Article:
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Tuesday, 24 May 2016


The Dangerous Harpist
Ursula Burns

Before I listened to this album, if you’d asked me in a word association game to respond to “harp”, I would have said Mary O’Hara, Harpo Marx, lager and that dreamy music in films that introduces a wobbly screen flashback. That’s it. Have I won a major prize? And then I became aware of Ursula Burns via social media and I was sent a copy of her new CD. So, I put it on and waited for a nice, wee afternoon of plinkety-plonk, easy listening music to snooze by. Well, that didn’t happen. Far from it.

This is an album of soundscapes, of mini works of art, of enticing songs and incredible vocals that sometimes glide along beautifully whilst at others launches attacks with thunderous, epic arrangements. The first couple of times I listened to it at a respectable neighbour-friendly volume and then I thought to hell with it and turned it up to max. What a difference that made. 

On the first listens, I noticed a preference to repeat lyrics and I thought that might be a hindrance to enjoying the album but actually it works perfectly, helping to underline great rhythms and to embed songs in the memory, a neat trick that has paid off.

I know comparisons are unnecessary and potentially unhelpful but I feel I must mention a few. Every now and then I was getting Stevie Nicks or Kate Bush or Lynsey de Paul but most of all I was getting the unique Ursula Burns, a performer not afraid to take risks. But what else is a dangerous harpist for? At times the songs are enchanting, the voice acrobatic in its rollercoaster lilts, in its sultriness, its drama, its vulnerability, its sense of fun, its emotion, its honesty, depending on the intentions of the songs. The musical arrangements and production quality are outstanding.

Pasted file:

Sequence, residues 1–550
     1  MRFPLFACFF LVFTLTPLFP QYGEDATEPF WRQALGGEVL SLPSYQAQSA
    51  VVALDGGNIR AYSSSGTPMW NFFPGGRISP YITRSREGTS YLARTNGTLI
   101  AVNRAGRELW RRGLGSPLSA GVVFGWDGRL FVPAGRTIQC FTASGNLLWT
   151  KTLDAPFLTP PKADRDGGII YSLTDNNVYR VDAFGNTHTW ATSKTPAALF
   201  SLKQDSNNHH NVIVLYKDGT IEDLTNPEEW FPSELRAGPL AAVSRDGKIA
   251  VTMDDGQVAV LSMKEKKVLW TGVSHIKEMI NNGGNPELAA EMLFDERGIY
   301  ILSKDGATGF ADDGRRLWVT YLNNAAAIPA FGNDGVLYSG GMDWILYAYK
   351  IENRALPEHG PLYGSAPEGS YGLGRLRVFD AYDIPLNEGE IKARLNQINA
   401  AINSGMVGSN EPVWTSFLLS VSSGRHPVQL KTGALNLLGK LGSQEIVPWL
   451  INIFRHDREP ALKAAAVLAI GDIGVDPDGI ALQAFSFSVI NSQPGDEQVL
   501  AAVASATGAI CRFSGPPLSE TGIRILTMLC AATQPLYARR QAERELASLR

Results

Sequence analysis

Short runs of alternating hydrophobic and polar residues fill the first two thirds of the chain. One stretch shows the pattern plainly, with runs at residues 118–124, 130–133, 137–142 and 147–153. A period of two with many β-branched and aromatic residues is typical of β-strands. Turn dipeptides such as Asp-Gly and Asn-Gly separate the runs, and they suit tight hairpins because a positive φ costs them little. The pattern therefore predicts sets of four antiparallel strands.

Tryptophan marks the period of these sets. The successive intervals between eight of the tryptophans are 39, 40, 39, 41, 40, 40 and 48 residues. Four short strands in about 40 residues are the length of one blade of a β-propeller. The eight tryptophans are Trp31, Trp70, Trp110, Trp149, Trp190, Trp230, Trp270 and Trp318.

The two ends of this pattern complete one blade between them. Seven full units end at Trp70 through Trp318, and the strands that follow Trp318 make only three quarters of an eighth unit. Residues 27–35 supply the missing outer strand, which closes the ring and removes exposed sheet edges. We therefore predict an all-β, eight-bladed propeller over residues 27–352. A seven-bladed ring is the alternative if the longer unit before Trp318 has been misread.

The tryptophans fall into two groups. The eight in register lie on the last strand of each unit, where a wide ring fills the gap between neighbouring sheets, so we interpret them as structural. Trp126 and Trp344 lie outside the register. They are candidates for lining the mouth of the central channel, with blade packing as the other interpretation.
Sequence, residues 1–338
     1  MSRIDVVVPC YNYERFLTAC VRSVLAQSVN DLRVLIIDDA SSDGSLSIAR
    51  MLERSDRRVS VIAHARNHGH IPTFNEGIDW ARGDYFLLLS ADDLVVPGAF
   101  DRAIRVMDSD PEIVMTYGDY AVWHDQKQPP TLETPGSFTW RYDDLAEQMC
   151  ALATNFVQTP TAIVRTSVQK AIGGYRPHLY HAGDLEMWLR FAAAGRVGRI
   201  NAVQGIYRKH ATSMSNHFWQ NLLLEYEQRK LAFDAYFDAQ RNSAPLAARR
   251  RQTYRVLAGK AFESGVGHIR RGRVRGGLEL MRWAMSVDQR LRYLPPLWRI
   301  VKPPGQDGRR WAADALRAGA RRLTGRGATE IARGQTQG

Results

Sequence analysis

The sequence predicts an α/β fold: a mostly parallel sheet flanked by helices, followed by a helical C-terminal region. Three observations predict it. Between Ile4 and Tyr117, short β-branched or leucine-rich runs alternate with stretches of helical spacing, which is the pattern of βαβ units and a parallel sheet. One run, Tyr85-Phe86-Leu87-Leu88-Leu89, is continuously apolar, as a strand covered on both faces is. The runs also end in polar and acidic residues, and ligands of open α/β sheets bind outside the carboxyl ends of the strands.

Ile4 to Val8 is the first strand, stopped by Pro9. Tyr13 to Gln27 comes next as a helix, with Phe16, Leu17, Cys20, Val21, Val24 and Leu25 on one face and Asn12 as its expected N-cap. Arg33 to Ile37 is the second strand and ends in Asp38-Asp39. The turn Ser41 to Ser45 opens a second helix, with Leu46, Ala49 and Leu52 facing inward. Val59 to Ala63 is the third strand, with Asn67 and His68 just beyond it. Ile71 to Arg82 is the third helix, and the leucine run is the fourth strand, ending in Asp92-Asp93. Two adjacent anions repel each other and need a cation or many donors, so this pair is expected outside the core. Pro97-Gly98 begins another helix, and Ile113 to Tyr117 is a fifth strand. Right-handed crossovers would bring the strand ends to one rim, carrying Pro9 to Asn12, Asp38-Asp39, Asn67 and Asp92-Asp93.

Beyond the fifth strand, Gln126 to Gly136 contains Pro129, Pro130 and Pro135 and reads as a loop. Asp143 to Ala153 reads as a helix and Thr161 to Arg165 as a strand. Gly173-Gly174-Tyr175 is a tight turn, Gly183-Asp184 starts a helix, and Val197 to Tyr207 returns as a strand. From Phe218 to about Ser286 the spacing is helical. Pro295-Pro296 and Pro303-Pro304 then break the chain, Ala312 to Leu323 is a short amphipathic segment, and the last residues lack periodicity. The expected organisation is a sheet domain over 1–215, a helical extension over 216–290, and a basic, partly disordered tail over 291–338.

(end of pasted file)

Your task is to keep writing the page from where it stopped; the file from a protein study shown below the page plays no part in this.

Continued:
I liked the gentle Wifi Lullaby, the powerhouse percussion of Comedian, a song about the angst involved in making people laugh for a living, 365 Random Days, Spell Of Cold Weather and Crying In The Portaloo to select a few from an album that takes you on several magical mystery tours. It is a beautiful journey, bonkers at times, but it works perfectly.

So, sorry Mary and Harpo, (the lager stays put!), you might still be on the podium but the top step is now occupied by Ursula Burns who has made the harp rock. I have not heard anything quite like this album before. It is full of surprises, twists and turns, changes of direction and a list of ingredients that shouldn’t work as well as they do. It is clever, imaginative and brave. It might take you time to warm to it but give it time and plenty of plays and it will pay off handsomely. Once you get it, you’ll not regret it.

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